The Forest Protection Branch of Louisiana's Department of Agriculture and Forestry trains fire crews in Louisiana and provides financial support for volunteer departments, particularly in rural areas of the state.

  • How long does it take to become a firefighter in Louisiana?

    The hiring process typically follows multiple steps and can take 3-6 months or longer. After hiring, recruit training can last another few months, though it is often paid. In Monroe, recruit academy lasts 18 weeks; in New Orleans, it takes 16 weeks.

Firefighter Courses and Programs in Louisiana

Aspiring firefighters in Louisiana may prepare for their careers by pursuing academic training in a fire science or emergency services-related degree program, many of which offer pathways to state and national certification in various aspects of emergency services. By obtaining a certificate, associate degree, or bachelor's degree, firefighters may set themselves up for leadership and advancement opportunities in the field.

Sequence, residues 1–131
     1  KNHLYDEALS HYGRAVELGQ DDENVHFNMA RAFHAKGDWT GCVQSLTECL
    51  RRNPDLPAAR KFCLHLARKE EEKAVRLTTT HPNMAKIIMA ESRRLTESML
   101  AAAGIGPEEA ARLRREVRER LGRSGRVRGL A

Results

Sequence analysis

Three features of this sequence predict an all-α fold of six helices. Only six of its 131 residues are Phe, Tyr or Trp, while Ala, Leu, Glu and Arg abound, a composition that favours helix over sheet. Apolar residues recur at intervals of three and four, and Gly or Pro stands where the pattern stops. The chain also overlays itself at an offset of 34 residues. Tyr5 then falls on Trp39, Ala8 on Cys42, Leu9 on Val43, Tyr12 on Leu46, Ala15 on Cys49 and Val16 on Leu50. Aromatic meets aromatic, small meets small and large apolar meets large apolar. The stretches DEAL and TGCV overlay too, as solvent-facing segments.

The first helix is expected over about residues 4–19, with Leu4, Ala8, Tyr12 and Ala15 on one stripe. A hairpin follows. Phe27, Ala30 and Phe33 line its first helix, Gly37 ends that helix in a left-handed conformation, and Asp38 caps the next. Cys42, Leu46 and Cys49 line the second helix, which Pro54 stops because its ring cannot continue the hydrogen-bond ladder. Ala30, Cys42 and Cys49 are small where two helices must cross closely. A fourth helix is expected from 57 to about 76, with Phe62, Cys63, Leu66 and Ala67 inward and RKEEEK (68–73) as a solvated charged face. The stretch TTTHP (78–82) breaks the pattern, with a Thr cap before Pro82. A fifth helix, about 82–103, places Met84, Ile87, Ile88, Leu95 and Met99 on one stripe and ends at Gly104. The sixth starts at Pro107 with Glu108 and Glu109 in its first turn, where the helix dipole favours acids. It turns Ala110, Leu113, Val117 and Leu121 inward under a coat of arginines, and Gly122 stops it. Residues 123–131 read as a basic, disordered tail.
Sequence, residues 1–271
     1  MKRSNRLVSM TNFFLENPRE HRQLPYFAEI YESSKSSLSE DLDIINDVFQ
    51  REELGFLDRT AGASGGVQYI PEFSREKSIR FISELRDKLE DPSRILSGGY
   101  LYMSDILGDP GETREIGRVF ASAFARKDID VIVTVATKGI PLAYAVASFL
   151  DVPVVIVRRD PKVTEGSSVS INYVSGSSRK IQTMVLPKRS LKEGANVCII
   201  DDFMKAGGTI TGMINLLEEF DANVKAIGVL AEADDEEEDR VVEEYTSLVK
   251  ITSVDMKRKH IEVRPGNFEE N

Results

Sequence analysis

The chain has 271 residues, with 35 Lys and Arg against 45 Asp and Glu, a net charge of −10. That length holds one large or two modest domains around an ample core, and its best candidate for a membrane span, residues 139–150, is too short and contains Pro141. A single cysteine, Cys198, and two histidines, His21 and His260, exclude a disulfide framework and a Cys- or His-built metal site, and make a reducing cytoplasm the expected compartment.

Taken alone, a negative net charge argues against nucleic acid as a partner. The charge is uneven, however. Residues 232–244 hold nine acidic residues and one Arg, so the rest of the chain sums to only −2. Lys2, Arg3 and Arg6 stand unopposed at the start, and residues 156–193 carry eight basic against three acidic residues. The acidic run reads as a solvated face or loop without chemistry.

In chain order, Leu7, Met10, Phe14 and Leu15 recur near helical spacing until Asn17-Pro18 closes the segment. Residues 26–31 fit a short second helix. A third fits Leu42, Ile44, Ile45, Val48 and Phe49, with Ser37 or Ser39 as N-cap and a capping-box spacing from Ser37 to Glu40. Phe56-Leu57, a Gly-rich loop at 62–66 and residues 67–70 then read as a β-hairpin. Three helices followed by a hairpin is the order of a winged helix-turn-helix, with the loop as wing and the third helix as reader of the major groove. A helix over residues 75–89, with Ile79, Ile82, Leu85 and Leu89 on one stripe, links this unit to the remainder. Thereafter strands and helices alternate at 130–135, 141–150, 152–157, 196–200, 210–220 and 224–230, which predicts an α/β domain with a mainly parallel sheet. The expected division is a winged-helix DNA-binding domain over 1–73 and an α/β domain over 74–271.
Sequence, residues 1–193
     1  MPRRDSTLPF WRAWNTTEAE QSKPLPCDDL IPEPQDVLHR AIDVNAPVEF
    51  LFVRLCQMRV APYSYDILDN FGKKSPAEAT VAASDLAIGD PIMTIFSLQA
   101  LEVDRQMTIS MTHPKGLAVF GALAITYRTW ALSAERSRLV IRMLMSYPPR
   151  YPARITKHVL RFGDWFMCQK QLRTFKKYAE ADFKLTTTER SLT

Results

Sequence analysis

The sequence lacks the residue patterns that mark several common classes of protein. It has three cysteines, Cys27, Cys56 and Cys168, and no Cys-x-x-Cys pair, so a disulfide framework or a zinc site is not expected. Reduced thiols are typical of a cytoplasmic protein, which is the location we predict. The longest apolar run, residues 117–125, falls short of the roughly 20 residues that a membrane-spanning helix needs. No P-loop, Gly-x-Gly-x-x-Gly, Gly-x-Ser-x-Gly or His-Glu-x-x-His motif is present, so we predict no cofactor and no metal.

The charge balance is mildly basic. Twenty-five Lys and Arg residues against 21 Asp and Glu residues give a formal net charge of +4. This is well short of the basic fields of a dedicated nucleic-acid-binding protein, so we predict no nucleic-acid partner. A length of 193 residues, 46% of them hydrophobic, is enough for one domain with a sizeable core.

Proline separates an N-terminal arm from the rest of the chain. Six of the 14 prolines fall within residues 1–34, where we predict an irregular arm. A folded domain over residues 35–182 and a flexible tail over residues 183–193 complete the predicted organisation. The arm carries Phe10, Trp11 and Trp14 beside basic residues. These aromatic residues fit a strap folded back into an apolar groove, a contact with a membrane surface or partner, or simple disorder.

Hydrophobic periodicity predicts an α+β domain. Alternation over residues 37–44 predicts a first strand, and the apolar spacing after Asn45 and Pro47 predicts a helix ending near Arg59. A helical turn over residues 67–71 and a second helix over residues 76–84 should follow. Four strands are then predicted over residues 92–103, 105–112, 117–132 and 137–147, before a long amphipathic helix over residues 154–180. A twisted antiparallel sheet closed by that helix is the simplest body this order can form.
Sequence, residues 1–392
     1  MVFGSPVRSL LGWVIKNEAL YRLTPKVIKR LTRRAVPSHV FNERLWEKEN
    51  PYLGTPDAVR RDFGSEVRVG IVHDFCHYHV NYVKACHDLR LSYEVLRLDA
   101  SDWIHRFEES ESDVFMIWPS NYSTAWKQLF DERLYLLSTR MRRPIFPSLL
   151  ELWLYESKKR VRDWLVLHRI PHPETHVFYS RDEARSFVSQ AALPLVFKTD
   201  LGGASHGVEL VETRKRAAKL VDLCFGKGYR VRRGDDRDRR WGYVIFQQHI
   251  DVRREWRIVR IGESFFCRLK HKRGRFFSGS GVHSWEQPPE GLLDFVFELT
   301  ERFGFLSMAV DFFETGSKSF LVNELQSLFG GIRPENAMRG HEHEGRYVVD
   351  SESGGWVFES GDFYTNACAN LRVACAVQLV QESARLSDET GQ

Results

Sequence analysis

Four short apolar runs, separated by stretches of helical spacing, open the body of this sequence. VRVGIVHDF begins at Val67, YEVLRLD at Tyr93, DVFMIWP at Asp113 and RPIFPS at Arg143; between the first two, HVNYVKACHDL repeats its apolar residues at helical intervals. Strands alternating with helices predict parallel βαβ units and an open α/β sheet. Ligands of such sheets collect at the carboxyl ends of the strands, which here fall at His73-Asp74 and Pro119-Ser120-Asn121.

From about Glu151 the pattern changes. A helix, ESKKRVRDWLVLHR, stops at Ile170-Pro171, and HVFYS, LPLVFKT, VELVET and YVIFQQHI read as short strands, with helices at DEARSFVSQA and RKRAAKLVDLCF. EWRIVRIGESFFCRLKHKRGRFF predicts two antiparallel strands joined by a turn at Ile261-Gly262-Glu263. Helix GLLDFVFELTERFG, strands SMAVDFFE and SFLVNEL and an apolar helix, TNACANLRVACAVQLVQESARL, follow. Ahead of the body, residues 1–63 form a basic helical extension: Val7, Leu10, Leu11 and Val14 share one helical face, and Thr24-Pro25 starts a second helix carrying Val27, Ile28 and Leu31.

Since firefighter requirements vary by city and department, prospective students should always research local expectations before committing to a degree program. The list below provides information on several academic programs for firefighters in Louisiana.

Louisiana State University at Eunice

Program Name Associate of Applied Science in Fire and Emergency Services
Program Description Ideal for students who expect to pursue leadership as firefighters and emergency services workers, LSUE's 63-credit associate degree program includes course options such as technology for emergency services, hazardous materials, principles of emergency services, fundamentals of corporate and municipal public safety administration, and fire combustion and behavior, plus general education requirements.

Louisiana State University at Eunice

Program Name Fire Science Technology Certificate